Your donation and designee will be listed our website to recognize your thoughtfulness and your willingness to support the library system. Gifts honoring the milestones in the lives of your loved ones will enable the libraries to offer more programs and services benefitting Albuquerque and Bernalillo County residents of all ages.
From the Oxford Dictionary definition of trailer:
An excerpt or series of excerpts from a movie or program [OR BOOK] used to advertise it in advance; a preview.
Just this past weekend, your public library held its award ceremony for a group of very talented teens and pre-teens who had made their own book trailers. Sometimes video images and books seem to be in competition for our time, but in this case, the video promotes the book. From the library’s website, “Book Trailers are made to encourage people to read a particular book or novel. They usually give an audience a sense of what a book is about without giving away too many details so the audience will want to read the book to find out what happens.”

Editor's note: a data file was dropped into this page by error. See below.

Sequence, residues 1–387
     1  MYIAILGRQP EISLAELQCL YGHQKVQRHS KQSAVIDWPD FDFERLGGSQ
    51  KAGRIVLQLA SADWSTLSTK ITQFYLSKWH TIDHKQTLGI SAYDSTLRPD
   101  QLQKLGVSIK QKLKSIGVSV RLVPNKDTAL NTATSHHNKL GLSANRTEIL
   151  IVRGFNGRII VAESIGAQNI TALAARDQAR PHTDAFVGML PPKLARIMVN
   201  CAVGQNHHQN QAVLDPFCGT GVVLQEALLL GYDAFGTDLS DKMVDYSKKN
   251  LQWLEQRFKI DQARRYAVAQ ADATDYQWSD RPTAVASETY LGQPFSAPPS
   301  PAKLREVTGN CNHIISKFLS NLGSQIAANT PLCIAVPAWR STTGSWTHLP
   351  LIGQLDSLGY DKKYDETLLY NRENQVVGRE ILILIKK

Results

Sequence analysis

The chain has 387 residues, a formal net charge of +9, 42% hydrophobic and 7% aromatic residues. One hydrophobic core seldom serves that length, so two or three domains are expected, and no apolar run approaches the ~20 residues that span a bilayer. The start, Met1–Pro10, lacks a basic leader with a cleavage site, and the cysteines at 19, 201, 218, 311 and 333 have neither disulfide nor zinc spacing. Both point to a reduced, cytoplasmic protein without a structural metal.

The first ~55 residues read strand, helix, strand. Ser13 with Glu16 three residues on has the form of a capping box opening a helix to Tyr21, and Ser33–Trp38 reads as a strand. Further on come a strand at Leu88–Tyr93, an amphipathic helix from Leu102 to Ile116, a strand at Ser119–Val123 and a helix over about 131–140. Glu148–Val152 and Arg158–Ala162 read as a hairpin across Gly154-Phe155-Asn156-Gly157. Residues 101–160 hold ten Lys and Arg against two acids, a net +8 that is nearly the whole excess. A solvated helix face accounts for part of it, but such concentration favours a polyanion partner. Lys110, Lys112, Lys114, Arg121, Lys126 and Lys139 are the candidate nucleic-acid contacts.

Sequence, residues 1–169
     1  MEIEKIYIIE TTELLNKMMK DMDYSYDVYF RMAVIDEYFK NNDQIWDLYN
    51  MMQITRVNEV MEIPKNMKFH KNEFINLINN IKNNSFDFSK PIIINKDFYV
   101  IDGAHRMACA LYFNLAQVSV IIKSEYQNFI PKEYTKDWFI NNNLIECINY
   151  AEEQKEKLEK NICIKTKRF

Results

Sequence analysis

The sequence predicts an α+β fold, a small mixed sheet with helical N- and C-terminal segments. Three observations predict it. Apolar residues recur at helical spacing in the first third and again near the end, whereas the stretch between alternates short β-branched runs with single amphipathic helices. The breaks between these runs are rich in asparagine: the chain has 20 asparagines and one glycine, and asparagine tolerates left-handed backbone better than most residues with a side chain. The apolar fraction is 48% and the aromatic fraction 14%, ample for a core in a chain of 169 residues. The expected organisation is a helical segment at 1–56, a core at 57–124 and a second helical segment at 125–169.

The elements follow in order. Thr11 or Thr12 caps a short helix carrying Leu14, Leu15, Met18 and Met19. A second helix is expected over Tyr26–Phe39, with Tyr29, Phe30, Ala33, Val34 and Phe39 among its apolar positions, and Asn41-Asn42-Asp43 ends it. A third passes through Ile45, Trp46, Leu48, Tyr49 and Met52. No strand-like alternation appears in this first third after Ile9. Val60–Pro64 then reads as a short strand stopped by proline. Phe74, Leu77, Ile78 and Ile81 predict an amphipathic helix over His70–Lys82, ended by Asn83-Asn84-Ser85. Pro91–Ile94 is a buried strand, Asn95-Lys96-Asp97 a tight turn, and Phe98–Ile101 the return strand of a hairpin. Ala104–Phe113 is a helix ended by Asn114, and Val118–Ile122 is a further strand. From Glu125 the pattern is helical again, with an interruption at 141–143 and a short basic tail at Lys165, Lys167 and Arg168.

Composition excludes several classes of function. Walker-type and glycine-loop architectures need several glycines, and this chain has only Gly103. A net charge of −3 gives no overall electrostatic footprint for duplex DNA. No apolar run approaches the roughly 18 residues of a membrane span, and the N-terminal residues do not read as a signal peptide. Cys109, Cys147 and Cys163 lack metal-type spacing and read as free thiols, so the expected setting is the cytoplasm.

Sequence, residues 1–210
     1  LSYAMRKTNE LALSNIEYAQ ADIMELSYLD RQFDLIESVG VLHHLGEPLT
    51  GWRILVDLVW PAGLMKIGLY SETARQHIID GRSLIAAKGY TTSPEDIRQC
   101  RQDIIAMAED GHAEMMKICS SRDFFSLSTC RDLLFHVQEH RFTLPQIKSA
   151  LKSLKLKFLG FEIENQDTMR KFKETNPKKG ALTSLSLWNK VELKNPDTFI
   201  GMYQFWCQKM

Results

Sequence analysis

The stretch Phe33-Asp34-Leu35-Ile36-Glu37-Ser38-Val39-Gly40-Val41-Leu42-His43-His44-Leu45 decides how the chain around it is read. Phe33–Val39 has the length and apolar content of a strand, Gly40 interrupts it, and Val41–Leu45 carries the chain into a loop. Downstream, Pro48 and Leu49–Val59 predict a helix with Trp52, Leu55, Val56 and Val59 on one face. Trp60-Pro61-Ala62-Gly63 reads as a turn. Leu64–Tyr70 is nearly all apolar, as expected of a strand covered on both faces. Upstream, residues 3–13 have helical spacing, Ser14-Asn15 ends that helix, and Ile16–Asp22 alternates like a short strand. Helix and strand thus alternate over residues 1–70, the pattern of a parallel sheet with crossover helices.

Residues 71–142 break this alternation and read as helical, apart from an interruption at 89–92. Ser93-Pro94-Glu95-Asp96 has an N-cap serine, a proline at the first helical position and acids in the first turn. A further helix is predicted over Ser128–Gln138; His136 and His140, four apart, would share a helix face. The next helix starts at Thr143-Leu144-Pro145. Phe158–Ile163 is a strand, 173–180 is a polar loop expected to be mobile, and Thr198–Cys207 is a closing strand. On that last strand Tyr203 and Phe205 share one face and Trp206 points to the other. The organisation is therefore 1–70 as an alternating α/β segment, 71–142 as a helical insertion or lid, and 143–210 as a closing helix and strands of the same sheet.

I spoke with members of a family that put together one of the prize-winning trailers for last year’s contest – Far from the Tree – “by JEML Productions.” JEML is the Larrañaga family of four siblings, Iliana, Lorena, Marisa and Mateo, not separated at birth unlike the heroes of the book. I spoke with two of the Larrañaga sisters. Iliana said that she and her siblings enjoyed doing videos and projects together and especially about a book that she loved. Lorena said that she and her sisters and brother enjoyed the team effort on a great book representing time long ago.
You’re now among the first to know that the March 2020 winners of the teen trailer awards (drum roll please):